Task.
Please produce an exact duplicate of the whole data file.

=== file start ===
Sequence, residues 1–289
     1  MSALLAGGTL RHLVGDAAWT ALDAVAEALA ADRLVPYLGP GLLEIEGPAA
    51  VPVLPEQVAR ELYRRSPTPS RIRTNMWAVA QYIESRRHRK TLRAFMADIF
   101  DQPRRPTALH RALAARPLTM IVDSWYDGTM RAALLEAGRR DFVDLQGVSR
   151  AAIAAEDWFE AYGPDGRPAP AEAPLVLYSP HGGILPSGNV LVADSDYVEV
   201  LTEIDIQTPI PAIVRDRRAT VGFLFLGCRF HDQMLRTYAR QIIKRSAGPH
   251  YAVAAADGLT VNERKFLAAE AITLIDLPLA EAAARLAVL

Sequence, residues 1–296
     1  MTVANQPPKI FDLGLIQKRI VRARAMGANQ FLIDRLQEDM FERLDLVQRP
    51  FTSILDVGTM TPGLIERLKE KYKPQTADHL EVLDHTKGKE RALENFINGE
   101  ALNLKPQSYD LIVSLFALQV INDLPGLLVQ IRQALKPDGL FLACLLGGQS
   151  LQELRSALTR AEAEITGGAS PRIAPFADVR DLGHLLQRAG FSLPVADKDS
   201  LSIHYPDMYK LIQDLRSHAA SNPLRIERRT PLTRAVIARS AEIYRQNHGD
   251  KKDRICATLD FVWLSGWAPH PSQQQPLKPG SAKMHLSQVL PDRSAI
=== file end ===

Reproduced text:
Sequence, residues 1–289
     1  MSALLAGGTL RHLVGDAAWT ALDAVAEALA ADRLVPYLGP GLLEIEGPAA
    51  VPVLPEQVAR ELYRRSPTPS RIRTNMWAVA QYIESRRHRK TLRAFMADIF
   101  DQPRRPTALH RALAARPLTM IVDSWYDGTM RAALLEAGRR DFVDLQGVSR
   151  AAIAAEDWFE AYGPDGRPAP AEAPLVLYSP HGGILPSGNV LVADSDYVEV
   201  LTEIDIQTPI PAIVRDRRAT VGFLFLGCRF HDQMLRTYAR QIIKRSAGPH
   251  YAVAAADGLT VNERKFLAAE AITLIDLPLA EAAARLAVL

Sequence, residues 1–296
     1  MTVANQPPKI FDLGLIQKRI VRARAMGANQ FLIDRLQEDM FERLDLVQRP
    51  FTSILDVGTM TPGLIERLKE KYKPQTADHL EVLDHTKGKE RALENFINGE
   101  ALNLKPQSYD LIVSLFALQV INDLPGLLVQ IRQALKPDGL FLACLLGGQS
   151  LQELRSALTR AEAEITGGAS PRIAPFADVR DLGHLLQRAG FSLPVADKDS
   201  LSIHYPDMYK LIQDLRSHAA SNPLRIERRT PLTRAVIARS AEIYRQNHGD
   251  KKDRICATLD FVWLSGWAPH PSQQQPLKPG SAKMHLSQVL PDRSAI